Understanding what is taking place inside the human body is at the heart of medicine. For centuries, scientists have looked for better ways to detect problems, conditions, and diseases ranging from high blood pressure to cancer.
An array of sensing devices—from thermometers and blood pressure cuffs to blood oximeters—have made it easier to monitor vital signs and detect potential problems. Now, researchers are taking sensing to the molecular level using nanotechnology and synthetic biology: they are developing biosensors that boldly go where medicine has not gone before.
"It's becoming possible to design sensors that deliver a specific piece of information. Biomedical diagnostics is expanding into many applications. Researchers are discovering ways to detect biomarkers even at a single-cell level," says Gabe Kwong, an associate professor in the Department of Biomedical Engineering at the Georgia Institute of Technology (Georgia Tech).
These emerging systems will spot infections, detect cancerous tumors, and identify the presence of other chronic diseases, which should translate into earlier interventions and better treatments that save lives. "Living biosensors are a promising way to improve our diagnostics abilities," says Robert Cooper, a staff research associate in the Biocircuits Institute at the University of California, San Diego (UCSD).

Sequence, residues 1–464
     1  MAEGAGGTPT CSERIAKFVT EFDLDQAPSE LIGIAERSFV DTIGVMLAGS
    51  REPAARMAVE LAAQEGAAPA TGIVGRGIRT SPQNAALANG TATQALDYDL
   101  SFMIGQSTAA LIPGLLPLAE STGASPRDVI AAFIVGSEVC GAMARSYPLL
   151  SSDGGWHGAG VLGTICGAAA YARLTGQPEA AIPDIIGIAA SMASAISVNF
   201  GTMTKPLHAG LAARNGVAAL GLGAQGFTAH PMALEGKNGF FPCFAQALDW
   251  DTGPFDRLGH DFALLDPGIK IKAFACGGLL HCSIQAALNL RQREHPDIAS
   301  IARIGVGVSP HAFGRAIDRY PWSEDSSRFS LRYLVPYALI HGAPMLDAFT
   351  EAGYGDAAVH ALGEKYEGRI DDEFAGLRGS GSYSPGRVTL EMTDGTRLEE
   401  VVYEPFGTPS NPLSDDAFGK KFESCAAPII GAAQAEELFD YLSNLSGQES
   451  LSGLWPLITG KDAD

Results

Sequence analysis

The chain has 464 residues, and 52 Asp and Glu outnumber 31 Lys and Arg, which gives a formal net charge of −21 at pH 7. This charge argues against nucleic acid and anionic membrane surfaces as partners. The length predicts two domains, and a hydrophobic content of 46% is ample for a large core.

A New View
Using biomarkers to diagnose and treat conditions is not new. At a basic level, blood and urine tests offer insights into events taking place inside the human body. Yet, for all the progress that has taken place in medicine over the last century, there is still a long way to go regarding the diagnosis and treatment of many conditions.
Part of the problem is that detecting the presence of specific molecules or cells can be extraordinarily difficult. For example, a standard 10-milliliter blood draw may contain only a handful of cancer molecules, which could evade detection during a test. "It's difficult to find the signal among the noise—particularly when the cancer is embedded in a complex organ like a liver or a lung," Kwong says.